Scout is a Cavalier King Charles Spaniel. He teaches three great lessons:
Be glad to see everybody. Scout breaks out into massive and enthusiastic tail wagging no matter who comes around. Certainly with any of the family he’s goofy with joy to see us. But it extends to our friends and even total strangers. Scout is always willing to give anybody the benefit of the doubt and expect the best from them unless proven otherwise.
Accept the love. People are sometimes uncomfortable accepting compliments, good deeds, positive attention, or expressions and demonstrations of love. Scout has no problem with any of that. He lives his life as if it is utterly, totally normal for everybody to absolutely adore him. When he gets gooey attention and affection from everyone, his attitude seems to be that everything in the universe is in perfect order. All is as it should be.
Tend to people when they need it. Scout has an uncanny sense of when one of us doesn’t feel well or is upset about something. If Cate, for example, has been crying, Scout will go straight to her, rest his chin on her leg, and just sit with her until she feels better. Now that’s a lesson.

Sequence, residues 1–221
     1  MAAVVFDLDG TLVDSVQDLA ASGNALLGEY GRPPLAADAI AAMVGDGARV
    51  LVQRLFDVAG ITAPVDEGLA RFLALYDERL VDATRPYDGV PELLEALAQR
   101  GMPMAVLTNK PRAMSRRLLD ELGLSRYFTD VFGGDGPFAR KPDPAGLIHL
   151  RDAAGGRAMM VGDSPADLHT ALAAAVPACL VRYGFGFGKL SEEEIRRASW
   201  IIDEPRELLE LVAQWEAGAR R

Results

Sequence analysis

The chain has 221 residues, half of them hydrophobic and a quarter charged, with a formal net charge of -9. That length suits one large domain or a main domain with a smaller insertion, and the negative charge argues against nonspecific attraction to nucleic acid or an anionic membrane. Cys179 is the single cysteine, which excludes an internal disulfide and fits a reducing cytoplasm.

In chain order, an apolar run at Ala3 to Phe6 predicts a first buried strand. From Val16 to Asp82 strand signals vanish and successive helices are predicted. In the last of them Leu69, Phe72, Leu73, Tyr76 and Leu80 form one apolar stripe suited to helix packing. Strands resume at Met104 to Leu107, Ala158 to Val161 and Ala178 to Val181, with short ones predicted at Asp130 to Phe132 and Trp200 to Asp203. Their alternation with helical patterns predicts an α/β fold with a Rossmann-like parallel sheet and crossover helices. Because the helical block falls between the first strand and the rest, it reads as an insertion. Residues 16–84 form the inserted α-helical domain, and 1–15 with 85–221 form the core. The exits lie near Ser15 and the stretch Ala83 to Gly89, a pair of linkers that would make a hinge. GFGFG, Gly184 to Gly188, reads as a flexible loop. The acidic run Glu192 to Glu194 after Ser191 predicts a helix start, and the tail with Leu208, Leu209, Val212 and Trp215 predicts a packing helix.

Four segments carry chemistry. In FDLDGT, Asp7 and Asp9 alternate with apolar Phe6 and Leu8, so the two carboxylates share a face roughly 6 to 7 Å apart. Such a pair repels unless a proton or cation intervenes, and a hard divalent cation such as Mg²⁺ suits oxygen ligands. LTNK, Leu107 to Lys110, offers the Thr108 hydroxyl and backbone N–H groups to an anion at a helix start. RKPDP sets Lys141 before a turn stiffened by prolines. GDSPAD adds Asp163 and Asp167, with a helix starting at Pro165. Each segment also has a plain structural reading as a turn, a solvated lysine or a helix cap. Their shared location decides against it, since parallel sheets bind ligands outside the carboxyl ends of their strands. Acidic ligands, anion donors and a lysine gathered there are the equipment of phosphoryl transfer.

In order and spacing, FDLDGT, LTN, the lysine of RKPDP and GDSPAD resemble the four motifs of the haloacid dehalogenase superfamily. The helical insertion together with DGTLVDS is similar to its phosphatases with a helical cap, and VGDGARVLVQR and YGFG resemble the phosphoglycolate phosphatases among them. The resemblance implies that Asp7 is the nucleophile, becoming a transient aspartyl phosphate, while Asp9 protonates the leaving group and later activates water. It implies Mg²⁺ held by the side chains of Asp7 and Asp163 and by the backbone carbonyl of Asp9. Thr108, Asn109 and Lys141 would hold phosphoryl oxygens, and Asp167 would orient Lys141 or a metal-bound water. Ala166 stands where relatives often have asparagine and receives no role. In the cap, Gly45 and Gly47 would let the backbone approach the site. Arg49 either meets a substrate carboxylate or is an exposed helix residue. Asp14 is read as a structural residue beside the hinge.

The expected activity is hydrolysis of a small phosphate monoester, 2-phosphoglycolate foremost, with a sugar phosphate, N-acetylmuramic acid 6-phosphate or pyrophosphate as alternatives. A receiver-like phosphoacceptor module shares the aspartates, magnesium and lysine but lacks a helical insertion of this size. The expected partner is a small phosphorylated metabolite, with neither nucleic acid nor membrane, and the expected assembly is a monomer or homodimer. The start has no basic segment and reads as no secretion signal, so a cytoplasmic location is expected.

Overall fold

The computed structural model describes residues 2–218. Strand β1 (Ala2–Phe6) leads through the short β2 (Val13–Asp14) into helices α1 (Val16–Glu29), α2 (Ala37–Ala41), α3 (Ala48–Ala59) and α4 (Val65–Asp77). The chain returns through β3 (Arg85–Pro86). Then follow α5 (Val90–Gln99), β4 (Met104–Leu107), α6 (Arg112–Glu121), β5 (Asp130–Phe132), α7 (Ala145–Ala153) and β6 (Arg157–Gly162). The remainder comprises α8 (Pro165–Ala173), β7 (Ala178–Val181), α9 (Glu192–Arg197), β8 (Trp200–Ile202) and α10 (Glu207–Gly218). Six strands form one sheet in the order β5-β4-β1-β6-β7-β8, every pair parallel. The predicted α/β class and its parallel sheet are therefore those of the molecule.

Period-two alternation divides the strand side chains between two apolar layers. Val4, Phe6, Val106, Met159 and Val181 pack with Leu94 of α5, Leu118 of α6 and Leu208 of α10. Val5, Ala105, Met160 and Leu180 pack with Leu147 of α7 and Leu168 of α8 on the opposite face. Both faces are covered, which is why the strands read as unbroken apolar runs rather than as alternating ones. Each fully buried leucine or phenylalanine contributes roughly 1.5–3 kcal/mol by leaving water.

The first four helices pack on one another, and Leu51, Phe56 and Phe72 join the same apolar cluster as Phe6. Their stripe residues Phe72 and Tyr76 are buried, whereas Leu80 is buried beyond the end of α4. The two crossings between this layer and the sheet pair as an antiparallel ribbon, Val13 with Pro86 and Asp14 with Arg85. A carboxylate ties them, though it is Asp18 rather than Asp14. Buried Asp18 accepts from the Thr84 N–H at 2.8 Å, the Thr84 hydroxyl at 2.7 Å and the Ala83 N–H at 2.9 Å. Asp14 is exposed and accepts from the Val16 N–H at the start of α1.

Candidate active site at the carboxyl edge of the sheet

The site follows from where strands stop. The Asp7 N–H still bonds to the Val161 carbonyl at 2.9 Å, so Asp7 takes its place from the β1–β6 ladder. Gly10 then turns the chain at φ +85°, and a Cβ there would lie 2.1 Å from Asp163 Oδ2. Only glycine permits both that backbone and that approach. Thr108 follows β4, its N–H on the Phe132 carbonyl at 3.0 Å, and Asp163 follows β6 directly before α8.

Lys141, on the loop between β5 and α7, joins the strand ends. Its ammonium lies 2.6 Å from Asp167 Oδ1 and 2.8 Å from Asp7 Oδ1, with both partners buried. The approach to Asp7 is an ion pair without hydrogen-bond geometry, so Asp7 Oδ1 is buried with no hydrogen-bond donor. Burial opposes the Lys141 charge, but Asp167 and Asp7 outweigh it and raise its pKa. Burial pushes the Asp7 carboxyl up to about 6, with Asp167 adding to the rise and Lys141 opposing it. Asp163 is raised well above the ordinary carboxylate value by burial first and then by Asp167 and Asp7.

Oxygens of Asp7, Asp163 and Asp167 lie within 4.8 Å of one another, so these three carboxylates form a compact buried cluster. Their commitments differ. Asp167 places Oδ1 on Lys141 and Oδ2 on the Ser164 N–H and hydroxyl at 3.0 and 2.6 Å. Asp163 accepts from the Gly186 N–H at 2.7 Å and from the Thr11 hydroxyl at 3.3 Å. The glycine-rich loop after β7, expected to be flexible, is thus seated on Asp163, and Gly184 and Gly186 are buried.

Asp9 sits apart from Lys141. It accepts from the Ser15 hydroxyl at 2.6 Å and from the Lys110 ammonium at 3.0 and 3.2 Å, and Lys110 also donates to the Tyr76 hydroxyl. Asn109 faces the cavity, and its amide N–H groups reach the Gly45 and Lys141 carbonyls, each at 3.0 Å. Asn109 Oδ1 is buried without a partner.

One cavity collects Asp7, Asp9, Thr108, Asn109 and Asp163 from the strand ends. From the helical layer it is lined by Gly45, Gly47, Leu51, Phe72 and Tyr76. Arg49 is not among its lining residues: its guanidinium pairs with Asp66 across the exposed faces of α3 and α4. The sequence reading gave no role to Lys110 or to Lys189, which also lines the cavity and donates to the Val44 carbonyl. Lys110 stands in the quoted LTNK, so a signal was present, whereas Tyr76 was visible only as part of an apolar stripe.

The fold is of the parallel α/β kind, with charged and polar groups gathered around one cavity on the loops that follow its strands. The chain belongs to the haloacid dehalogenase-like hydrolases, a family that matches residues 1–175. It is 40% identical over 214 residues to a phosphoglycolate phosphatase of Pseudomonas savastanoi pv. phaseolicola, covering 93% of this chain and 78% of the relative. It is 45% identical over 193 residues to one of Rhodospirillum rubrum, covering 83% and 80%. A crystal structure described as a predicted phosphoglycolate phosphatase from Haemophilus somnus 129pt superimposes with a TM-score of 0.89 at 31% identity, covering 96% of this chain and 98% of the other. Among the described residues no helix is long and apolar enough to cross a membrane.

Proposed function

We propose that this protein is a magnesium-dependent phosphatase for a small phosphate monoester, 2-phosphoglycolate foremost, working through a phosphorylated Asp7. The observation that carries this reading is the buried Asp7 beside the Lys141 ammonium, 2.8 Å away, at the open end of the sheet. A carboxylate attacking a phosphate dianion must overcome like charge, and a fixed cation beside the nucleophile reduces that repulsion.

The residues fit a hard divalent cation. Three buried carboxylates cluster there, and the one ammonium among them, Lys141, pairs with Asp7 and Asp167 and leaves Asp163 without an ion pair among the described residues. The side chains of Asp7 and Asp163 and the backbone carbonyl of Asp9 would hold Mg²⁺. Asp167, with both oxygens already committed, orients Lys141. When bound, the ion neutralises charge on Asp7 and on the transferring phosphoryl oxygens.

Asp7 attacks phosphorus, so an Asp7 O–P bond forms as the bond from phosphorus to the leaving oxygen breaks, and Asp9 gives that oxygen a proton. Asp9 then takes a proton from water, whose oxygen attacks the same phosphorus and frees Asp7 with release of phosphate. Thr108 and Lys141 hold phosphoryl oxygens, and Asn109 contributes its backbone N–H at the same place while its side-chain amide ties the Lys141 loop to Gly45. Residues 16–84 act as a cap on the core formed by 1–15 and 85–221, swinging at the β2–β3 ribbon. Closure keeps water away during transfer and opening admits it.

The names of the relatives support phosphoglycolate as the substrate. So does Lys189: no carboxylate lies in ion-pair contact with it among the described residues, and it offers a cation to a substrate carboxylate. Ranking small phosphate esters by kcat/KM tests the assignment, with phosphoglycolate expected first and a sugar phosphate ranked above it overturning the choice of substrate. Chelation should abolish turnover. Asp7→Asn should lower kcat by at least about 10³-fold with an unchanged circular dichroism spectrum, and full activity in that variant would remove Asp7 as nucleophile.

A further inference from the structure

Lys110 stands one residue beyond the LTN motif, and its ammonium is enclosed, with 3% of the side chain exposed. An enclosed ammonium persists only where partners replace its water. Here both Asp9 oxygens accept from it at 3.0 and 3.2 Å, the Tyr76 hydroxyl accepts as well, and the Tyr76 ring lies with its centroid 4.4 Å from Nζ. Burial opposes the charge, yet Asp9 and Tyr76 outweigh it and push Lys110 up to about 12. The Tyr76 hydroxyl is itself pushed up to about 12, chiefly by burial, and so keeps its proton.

Joe Calloway helps great companies get even better. www.JoeCalloway.com
We own two Toy Fox Terriers. They are little mutts that weigh about 5 pounds each. Grace and Bella are beloved family members and they continually remind me of three very important things:
Happiness in the moment. When I get up to feed them in the morning they couldn’t be any more happy or excited even though someone feeds them every single morning. Seeing them zip around and jump up and down in anticipation brings a smile to my face even when I’m tired and grumpy.
Laser-like focus. Obviously, these mutts love to eat. They eat with ferocious abandon. They lick their bowls until I think they’re going to wear a hole in the metal. Then they search thoroughly to make sure they haven’t missed anything I might have dropped. I’d like to always bring that kind of focus to the important things I do.
Reciprocal love and affection. We love our dogs because they love us. Even when we fail or are unpleasant, they still love us. How many other people or creatures can we say that about? Their reciprocity is proof that to have more love in your life, be more loving.
Mark Sanborn is president of Sanborn & Associates, Inc., an idea studio for leadership development. He is an award-winning speaker bestselling author of books including, The Fred Factor. For more information and free resources, visit www.marksanborn.com.
Ironically, I had just started to write this, when I looked and saw that our 7-monthold puppy, Lucy, had her eyes half-shut, and was about to topple over.
As she is usually non-stop energy, Tammy and I tried to awaken her and see if we could figure out what was wrong – to no avail. Scooping her up in my arms, I ran to the car to make the quick trip to our nearby pet hospital. I thought she might have been bitten by a snake, or somehow found a pill accidently dropped.